The first thing that struck me as I took the Lepow Z1 out of its box is how lightweight this monitor is - it weighs just 770g, which is slightly more than the weight of the Apple iPad Pro 12.9 (643g). If the display was smaller, it could be mistaken for a tablet when carried.
The light weight isn't the only thing the Z1 has going for it - it's reasonably slim at 8.8mm, and the combination of these two properties makes it easy to throw this monitor into a backpack and carry around comfortably, as should be for a portable device.
Coming to build quality, the Lepow Z1 is covered by a material that feels to me like a combination of anodized aluminum and plastic. Regardless, it feels very durable and appropriate for the type of device it is (and of course, the price tag).
The 0.4-inch bezels on both sides of the display on the front could be thinner, but they aren't bad and would serve as extra protection for the screen. The top bezel is just 0.25-inch thick which is perfect for aesthetics, and while the 0.8-inch bottom bezel sounds huge on paper, it's necessary as that's what the monitor would be resting on most of the time while it's in use, and it actually doesn't look bad in person, either.
The back of the monitor does attract fingerprints and other smudges, but it isn't glossy so these smudges are quite muted and don't disfigure the design. You should also beware of fingerprint smudges if you're going to install the screen protector - it collects 'em.
The included cover/sleeve, which doubles as a stand for the monitor, is similar to what is included with most other portable monitors and tablets; it's made of PU leather and its insides are covered by a suede-style material, which is an extra layer of protection for the monitor's screen when covered.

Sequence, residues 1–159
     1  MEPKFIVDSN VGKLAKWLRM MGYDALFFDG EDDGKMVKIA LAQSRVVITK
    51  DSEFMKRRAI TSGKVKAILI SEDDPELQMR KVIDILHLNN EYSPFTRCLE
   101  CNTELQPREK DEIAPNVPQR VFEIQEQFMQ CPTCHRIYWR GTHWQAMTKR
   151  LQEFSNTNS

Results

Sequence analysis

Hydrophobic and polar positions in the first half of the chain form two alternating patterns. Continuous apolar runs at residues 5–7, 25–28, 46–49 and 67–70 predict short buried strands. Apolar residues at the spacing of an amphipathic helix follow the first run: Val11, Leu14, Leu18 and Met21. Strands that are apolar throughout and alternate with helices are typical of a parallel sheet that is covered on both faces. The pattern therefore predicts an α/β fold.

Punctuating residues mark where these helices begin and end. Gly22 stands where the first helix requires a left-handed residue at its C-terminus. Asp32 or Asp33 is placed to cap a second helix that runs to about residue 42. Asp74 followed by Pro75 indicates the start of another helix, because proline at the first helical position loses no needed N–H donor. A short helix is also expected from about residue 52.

The upper part of one side of the sleeve is magnetic and props up the top of the monitor, while the two grooves on the lower part of the other side of the sleeve provide two angle adjustment levels for the monitor.
Of course, you can place the monitor at almost any point before the outermost groove, but the device is most stable between those two grooves.
By default, the stand allows you to use the monitor in only landscape orientation, and the company even implies - via the monitor accessories introduction card included in the package - that you have to buy another stand to use the device in portrait orientation. However, you can use the Lepow Z1 in portrait mode with its included stand by simply placing it as seen in the image below.
Of course, this would only work when you're connecting only via the USB-C port on the left, or otherwise if you have an outlet on the surface you're placing it on to pass the cords on the bottom through, but this is the same scenario you would get with any other monitor you might want to buy specially for portrait mode.
Overall, in terms of design, the Lepow Z1 offers nothing fancy or head-turning, but that's fine since your attention would be focused on the display itself a large percentage of the time.
Ports & Connectivity
The Lepow Z1 comes with an array of connectivity options, and this is one of the best things about this device - it can be connected to almost anything.
The bottom left side houses a mini-HDMI port, a USB-C port, and a 3.5mm audio jack, while the bottom right has a second USB-C port, a roll key, and the power button.